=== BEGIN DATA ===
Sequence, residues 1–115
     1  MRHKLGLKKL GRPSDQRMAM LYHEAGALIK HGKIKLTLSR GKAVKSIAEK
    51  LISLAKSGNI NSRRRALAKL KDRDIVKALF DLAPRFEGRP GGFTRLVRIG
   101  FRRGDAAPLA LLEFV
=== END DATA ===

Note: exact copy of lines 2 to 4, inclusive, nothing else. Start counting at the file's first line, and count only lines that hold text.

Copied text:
     1  MRHKLGLKKL GRPSDQRMAM LYHEAGALIK HGKIKLTLSR GKAVKSIAEK
    51  LISLAKSGNI NSRRRALAKL KDRDIVKALF DLAPRFEGRP GGFTRLVRIG
   101  FRRGDAAPLA LLEFV